Number 17 of 50 copies. “The Dickinson Composites is an artist book that focuses on a series of large-scale quilts Jen Bervin made by embroidering the poet Emily Dickinson’s unusual punctuation markings from her fascicles. The box, printed with enigmatic red crosses and dashes, contains two sewn samples (excerpts made at the same scale, in the same materials using the same methods as the quilts), large prints of each quilt, and a nested booklet. Like Dickinson’s manuscripts, the box and the works therein are encountered entirely without titles. In the booklet, an essay by Bervin elucidates Dickinson’s variant marking system in her poetry manuscripts and provides further context for the quilts.”–Publisher’s web catalog. Each box includes: A lignin-free 11 1/2 x 15 x 1 1/2 inch drop-front archival box printed with quilt-scale fascicle marks in red. Two machine sewn and hand-embroidered samples–excerpts from Composites 28 and 38, made at the same scale, in the same materials using the same methods as the quilts. Images in the booklet show the hand-sewn sample in relation to the full quilt, with the excerpt area marked. Large color prints of all six quilts: The Composite Marks of Emily Dickinson’s Fascicle 16, 19, 28, 34, 38, and 40. An unbound 16-page booklet with an essay on the variant marks, images of Dickinson’s manuscript poems, and process and installation images of the quilts. The booklet is housed in a pocket printed with marks and sewn with a cotton tape lift. Edition of 50 copies.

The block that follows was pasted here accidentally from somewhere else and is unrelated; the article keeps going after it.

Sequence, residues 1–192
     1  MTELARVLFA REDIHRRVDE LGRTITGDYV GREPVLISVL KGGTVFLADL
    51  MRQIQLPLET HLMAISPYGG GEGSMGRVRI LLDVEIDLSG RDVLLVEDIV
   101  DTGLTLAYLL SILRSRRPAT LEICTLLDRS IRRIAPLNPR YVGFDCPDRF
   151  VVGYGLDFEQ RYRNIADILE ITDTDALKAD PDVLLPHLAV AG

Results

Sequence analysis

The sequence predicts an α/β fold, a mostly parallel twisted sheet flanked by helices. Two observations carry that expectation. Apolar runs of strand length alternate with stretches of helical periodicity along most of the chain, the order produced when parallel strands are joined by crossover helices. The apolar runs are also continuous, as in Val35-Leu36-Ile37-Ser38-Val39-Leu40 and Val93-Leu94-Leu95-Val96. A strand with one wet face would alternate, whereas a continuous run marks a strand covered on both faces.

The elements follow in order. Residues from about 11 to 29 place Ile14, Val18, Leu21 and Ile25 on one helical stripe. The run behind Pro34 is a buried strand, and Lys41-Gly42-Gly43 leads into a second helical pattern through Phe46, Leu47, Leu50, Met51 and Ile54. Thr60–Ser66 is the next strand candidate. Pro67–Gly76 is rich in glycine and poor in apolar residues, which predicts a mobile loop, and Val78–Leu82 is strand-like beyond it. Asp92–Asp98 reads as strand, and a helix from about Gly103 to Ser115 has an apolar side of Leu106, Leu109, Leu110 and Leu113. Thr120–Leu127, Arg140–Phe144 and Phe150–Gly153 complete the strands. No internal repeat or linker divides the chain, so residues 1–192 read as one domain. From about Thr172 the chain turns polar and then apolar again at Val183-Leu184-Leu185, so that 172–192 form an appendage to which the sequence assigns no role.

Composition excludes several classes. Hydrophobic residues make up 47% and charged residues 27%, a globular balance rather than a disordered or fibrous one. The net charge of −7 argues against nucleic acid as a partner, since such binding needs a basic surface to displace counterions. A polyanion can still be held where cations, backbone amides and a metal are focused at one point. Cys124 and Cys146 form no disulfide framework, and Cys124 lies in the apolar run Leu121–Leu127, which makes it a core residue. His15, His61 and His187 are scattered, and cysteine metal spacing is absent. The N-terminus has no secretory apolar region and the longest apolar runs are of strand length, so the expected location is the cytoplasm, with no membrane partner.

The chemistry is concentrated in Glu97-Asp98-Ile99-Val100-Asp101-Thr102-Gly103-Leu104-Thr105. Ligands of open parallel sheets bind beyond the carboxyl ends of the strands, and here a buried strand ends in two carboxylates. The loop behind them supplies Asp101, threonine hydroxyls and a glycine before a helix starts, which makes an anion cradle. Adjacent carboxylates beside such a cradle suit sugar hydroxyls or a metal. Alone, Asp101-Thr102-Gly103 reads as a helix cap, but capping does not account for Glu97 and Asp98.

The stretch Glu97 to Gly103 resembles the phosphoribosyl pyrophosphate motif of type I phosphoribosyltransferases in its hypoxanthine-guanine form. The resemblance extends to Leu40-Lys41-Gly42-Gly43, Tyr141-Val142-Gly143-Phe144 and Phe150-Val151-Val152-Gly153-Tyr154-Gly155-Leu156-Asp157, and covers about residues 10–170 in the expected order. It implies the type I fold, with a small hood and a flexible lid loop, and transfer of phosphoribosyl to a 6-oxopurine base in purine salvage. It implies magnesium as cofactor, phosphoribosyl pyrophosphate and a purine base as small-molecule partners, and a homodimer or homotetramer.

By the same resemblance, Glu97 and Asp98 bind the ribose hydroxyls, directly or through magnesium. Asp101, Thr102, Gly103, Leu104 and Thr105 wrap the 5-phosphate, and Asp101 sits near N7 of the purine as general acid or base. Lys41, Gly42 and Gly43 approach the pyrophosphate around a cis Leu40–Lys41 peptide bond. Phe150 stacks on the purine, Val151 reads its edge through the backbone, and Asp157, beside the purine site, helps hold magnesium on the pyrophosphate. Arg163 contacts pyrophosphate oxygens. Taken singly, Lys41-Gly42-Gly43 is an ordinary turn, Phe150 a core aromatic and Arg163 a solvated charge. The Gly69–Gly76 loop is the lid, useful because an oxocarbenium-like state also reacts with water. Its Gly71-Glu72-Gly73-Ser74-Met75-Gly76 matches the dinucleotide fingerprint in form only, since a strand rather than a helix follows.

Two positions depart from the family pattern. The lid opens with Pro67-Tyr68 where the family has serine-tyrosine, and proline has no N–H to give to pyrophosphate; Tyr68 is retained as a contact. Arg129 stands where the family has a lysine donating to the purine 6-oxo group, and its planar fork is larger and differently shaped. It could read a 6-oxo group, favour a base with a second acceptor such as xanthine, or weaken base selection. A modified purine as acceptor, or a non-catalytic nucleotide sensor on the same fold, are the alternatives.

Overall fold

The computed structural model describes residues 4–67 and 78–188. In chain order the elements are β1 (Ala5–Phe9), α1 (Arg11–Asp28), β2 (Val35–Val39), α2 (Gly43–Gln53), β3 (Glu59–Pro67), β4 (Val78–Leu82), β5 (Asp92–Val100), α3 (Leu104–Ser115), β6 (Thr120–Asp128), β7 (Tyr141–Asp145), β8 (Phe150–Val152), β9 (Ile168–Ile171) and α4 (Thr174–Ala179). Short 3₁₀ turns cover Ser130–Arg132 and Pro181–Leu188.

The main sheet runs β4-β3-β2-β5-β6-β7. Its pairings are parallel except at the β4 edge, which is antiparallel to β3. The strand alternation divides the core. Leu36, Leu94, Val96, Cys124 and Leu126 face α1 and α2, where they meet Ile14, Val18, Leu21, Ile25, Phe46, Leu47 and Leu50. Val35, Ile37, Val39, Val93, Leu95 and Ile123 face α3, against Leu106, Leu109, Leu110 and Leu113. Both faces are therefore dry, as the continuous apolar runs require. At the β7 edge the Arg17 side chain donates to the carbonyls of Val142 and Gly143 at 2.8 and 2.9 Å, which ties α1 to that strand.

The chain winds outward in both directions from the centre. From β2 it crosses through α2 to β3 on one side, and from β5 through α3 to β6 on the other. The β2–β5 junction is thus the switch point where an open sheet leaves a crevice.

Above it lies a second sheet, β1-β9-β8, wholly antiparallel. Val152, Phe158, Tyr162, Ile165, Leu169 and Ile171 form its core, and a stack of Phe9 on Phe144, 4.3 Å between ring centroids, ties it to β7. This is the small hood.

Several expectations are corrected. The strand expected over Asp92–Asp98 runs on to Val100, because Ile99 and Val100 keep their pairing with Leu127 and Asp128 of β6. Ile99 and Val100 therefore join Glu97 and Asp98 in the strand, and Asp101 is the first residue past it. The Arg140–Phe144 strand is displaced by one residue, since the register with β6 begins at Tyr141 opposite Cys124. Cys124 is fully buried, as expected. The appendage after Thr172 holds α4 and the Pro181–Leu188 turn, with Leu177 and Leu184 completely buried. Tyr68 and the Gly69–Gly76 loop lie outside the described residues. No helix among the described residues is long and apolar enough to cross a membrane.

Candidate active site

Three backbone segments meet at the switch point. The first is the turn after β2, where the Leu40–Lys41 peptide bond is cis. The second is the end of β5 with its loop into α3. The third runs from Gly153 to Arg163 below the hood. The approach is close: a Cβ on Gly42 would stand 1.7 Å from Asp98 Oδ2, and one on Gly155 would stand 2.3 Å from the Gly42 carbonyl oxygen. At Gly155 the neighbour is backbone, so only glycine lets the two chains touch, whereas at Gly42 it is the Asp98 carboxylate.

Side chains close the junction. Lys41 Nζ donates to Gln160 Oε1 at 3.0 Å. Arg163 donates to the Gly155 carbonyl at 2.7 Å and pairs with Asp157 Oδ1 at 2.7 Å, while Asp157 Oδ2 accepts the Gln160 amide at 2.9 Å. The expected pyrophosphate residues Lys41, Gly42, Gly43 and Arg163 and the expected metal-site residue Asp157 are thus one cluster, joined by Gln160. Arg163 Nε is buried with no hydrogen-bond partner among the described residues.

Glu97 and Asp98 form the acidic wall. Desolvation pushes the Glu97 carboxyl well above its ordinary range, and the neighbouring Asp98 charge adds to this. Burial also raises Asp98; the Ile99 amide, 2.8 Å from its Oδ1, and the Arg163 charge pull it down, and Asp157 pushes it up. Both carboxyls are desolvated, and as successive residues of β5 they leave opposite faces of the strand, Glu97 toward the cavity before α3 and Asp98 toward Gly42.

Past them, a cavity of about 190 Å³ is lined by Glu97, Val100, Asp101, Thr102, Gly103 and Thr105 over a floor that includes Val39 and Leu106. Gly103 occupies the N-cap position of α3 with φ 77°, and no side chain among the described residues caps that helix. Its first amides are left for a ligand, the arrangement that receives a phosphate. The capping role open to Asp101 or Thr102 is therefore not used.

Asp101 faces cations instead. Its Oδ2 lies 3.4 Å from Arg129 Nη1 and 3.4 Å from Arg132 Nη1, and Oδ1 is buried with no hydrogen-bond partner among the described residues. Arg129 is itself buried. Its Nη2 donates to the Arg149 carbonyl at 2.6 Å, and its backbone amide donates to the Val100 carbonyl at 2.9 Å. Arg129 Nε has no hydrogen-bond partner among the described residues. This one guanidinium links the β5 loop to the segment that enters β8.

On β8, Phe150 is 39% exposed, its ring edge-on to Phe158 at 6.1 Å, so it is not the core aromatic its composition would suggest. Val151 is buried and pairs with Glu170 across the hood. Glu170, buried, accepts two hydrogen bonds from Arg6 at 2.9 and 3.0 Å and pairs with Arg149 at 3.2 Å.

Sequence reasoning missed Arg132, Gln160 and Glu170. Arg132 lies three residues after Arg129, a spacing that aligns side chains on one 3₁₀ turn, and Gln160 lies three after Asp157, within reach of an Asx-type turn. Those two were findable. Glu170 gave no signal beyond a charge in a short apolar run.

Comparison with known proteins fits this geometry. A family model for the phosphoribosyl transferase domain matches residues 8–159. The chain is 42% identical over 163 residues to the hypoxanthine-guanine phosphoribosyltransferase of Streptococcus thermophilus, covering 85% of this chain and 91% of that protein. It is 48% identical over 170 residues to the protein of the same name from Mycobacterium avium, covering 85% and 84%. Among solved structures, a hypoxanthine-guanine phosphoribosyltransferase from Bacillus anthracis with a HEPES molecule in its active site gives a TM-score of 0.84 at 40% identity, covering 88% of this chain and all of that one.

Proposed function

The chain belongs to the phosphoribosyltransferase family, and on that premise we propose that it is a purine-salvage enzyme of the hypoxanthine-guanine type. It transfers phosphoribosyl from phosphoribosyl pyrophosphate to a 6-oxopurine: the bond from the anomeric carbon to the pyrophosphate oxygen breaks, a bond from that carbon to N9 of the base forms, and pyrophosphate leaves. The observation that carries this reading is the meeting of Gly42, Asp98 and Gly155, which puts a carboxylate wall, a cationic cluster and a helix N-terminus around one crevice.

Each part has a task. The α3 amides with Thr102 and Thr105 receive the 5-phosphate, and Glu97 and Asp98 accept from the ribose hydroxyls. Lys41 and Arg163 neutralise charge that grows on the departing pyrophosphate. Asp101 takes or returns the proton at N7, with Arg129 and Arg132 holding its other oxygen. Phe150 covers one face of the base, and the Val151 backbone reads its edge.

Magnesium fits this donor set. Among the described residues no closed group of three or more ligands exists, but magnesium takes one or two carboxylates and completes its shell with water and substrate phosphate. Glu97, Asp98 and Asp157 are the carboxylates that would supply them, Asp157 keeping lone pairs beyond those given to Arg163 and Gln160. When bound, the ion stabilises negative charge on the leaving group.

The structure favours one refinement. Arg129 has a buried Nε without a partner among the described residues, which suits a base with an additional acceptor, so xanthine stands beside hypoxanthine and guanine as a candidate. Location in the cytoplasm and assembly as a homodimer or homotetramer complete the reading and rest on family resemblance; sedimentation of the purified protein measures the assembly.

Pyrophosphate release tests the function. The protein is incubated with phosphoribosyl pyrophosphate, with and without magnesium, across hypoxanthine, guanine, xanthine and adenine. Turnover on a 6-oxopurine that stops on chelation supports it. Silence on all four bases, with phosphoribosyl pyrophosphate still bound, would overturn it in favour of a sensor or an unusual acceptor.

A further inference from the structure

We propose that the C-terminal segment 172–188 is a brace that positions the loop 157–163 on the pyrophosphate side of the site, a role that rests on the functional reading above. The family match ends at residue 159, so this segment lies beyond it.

Number 04 in an edition of 75 numbered copies. “Each copy comprises: 1) four pale green books with a total of fifty-seven typed studies reproduced in letterpress; 2) a numbered, unique typing on red board; 3) facsimiles of nine studies made on different typewriters; 4) a typed process note; and 5) a colophon all contained in a sailcloth-covered clamshell box.”–Publisher’s website. “The art of weaving dates back to 7000 BC and is one of the earliest grid forms. Though both conceptual and concrete poets have used the typewriter extensively, my interest is in Anni Albers’ typed designs. … Anni Albers’ typings were my impetus to study weaving, which I hoped would teach me about typing. … The title, Draft Notation, refers to the pre-weaving design diagrams a weaver creates or consults to plan her work on the loom. I think of these studies as textile scores …”–Process note. “Letterpress printing by Friedrich Kerksieck”–Colophon.